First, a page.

The best part of this dish, besides the fat, briney, orange mussels, is mopping up the garlic-infused fluid with good bread. I used the last of the Dench sourdough.


Mussels in white wine and garlic is my traditional welcome-to-Spring dish. I haven't decided if shrink-wrapped Tasmanian mussels are better than the local Portarlington or Shoreham ones. Any other opinions? The Tasmanian ones seemed more uniform in size and had fewer irregularities and marks on the shells than the local ones. They are ideal for those who don't want the work involved in debearding mussels but it has never bothered me.


My funniest mussel memory: our late Britanny, Goldie, eating leftover mussels and spitting out bits of shell.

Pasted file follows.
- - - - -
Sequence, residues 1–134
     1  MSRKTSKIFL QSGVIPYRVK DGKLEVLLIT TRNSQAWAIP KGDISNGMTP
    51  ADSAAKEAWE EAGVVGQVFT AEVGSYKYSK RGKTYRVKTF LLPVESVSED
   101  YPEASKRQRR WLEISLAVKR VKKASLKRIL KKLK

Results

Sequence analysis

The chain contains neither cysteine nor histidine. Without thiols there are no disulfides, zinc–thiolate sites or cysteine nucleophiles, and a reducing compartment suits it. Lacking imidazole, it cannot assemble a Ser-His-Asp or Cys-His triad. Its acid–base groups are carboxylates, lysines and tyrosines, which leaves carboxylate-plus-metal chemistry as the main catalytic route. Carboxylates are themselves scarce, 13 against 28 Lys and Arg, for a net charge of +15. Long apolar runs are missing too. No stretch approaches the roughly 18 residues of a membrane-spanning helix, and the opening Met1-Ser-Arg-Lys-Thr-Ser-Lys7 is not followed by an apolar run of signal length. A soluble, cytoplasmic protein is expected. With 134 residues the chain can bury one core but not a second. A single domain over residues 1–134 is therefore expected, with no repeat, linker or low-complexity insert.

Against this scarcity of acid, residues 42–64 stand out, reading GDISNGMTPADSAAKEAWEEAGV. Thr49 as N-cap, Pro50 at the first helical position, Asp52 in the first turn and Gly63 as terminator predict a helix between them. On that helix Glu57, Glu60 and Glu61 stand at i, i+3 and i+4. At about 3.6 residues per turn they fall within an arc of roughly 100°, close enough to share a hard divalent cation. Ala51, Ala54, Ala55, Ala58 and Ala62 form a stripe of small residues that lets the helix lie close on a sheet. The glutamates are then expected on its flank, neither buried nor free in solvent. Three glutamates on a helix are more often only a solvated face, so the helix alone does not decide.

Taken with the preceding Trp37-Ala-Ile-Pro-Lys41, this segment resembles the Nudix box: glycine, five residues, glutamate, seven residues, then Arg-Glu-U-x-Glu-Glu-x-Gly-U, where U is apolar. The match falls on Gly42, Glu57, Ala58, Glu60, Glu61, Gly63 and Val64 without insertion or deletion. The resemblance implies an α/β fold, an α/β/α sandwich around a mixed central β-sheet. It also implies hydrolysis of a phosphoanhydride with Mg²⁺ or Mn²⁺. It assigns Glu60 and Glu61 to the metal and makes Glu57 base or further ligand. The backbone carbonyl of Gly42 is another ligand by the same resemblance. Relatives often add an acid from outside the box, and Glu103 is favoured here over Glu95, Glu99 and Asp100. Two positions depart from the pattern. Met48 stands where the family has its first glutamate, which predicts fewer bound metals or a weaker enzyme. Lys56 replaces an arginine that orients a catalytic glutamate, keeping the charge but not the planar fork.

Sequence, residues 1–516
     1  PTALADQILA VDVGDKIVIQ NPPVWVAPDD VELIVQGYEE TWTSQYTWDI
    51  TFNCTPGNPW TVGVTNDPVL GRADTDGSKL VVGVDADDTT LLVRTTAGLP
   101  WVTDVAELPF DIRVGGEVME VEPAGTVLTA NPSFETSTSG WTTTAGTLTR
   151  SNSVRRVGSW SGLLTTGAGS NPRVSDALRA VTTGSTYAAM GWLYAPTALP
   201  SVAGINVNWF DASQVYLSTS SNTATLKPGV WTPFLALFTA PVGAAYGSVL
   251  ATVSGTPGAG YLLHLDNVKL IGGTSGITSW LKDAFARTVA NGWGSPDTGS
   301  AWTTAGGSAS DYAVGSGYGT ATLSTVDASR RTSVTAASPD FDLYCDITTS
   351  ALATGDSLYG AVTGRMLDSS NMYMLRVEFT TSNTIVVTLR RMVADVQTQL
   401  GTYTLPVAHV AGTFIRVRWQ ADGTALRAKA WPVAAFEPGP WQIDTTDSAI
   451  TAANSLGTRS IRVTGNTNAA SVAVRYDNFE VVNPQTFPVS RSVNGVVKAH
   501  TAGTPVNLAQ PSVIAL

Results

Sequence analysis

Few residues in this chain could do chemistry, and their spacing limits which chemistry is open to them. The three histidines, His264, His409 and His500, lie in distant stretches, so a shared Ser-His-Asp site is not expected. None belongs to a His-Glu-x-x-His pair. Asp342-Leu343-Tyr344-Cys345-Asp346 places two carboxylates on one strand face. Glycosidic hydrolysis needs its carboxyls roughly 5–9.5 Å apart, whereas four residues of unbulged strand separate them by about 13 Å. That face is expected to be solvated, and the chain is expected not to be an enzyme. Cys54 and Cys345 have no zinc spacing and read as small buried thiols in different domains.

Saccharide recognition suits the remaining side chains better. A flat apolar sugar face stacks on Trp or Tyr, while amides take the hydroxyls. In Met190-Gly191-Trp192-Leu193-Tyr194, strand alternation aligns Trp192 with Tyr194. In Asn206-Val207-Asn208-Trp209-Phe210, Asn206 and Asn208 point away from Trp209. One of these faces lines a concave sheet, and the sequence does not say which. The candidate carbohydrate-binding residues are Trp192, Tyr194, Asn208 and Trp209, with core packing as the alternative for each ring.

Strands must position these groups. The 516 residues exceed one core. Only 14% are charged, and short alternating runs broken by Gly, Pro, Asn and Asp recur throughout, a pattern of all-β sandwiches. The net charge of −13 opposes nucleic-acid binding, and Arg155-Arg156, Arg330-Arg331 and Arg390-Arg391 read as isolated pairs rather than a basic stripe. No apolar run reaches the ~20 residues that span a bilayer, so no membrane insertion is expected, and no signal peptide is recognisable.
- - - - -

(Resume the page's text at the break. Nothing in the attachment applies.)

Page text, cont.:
'You put Vegemite on your artisan bread?' 'Yes. And it was great!'

It wasn't so much loaf as doorstop.

If you put it on the ground and kicked it you would break a toe. That's a nice change from the kind of supermarket bread that weighs nothing and collapses like a bag of cotton wool when you put something as light as a newspaper on top of it in the basket.

My doorstop was a loaf of Dench seeded sourdough. It would keep for a week if you could resist eating it. It's a little too dense for sandwiches of the delicate asparagus or vinegared cucumber or shaved ham kind, but it comes into its own topped robustly with home-made meatloaf, or smoked trout with capers and mayonnaise, or thick slices of mature cheddar and pickles.

Dench sourdough makes great toast. Cut it thickly and toast the slices lightly, top it with butter and Vegemite and eat it with strong tea. After a breakfast like that you'll feel like hunting lions.